- Journal Archives
- Volume 19
- Volume 18
- Volume 17
- Volume 16
- Volume 15
- Volume 14
- Volume 13
- Volume 12
- Volume 11
- Volume 10
- Volume 9
- Volume 8
- Volume 7
- Volume 6
- Volume 5
- Volume 4
- Volume 3
- Volume 2
- Volume 1
U.S. government contemplates adopting the equivalent of an online driver’s license in an effort to combat Internet fraud.
Protestors band together through the Internet to campaign against the imposition of the death penalty on a Georgia inmate.
Sony amends PlayStation Network terms of service to prevent users from joining future class action lawsuits against the company.
New pricing scheme is causing Netflix users to leave in droves.
Yahoo! begins to consider bids from potential buyers.
There’s an aftermarket for almost everything–even Groupons.
eBay builds new division, X.commerce, to attract developers.
Image-searching celebrities can put your computer at risk for getting a virus.
NASA satellite pieces will hit earth sometime next week, and fortunately, the odds of a piece falling directly on you are only 1 in 3,200.
Interim Yahoo! CEO gets handsome raise.
Seven states oppose proposed AT&T merger with T-Mobile.
Will Netflix disrupt the film industry in the same way that online song download services have shaken up the music business?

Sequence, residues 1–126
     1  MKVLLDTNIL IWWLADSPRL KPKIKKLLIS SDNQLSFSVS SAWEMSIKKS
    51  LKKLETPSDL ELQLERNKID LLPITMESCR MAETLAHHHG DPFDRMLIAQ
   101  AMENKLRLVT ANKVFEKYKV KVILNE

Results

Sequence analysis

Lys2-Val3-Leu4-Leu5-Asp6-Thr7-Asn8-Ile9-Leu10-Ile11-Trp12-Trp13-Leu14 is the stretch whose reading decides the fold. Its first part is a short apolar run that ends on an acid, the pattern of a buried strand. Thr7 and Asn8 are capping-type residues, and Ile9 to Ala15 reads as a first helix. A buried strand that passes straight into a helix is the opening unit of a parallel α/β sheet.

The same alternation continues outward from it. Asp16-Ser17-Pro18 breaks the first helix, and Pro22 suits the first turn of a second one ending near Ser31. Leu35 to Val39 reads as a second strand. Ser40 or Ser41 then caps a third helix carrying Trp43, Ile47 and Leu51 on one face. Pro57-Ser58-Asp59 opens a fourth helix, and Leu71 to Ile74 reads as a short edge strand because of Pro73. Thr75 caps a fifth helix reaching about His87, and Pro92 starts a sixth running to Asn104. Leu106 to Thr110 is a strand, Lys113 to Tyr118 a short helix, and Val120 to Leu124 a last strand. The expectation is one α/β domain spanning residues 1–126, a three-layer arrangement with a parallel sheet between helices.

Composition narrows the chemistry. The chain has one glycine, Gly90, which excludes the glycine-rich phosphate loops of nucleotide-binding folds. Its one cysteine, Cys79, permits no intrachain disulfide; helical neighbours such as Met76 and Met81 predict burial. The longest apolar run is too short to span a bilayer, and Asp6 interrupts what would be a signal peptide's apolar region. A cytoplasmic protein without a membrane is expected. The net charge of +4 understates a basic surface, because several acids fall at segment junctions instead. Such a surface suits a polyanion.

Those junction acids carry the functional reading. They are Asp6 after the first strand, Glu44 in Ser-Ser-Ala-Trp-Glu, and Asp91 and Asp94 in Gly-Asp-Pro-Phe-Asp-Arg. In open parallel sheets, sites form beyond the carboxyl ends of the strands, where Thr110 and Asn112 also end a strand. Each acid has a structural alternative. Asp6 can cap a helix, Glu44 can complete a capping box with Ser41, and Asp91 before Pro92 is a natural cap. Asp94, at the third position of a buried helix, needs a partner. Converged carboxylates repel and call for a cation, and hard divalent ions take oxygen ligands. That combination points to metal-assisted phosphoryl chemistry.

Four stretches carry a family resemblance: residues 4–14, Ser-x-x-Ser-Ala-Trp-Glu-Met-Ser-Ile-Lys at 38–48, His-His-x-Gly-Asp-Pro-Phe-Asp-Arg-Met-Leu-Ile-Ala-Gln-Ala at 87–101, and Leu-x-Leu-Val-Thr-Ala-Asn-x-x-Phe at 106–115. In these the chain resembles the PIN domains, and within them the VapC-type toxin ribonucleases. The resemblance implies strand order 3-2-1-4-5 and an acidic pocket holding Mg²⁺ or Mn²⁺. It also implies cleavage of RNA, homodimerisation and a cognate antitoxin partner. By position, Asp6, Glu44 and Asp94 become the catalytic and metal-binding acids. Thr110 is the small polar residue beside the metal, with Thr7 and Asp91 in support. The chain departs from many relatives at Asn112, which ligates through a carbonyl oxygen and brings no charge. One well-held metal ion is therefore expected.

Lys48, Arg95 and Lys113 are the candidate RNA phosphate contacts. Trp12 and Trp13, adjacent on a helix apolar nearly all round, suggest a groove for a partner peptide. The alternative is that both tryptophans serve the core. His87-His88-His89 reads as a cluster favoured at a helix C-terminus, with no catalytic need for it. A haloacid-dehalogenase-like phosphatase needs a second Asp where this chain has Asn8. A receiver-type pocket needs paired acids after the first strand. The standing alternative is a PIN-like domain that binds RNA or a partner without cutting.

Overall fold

Tagged with: Monday Morning JETLawg
Recent Blog Posts
- EPA Issues 2017 Renewable Fuel Targets Amid RINs Market’s Uncertain Future
- Cell Phone Firmware Avoids Anti-virus Scans, Sends Private Data to China
- The Consumer Review Fairness Act: Protecting Consumers Who Post Negative Reviews On The Internet
- Google Fiber Nashville Litigation
- Brexit and the Future of UK Sports
- The U.S. is Losing the Economic Drone War
Tagsadvertising antitrust Apple books career celebrities contracts copyright copyright infringement courts creative content criminal law entertainment Facebook FCC film/television financial First Amendment games Google government intellectual property internet JETLaw journalism lawsuits legislation media medicine Monday Morning JETLawg music NFL patents privacy progress publicity rights radio social networking sports Supreme Court of the United States (SCOTUS) technology telecommunications trademarks Twitter U.S. Constitution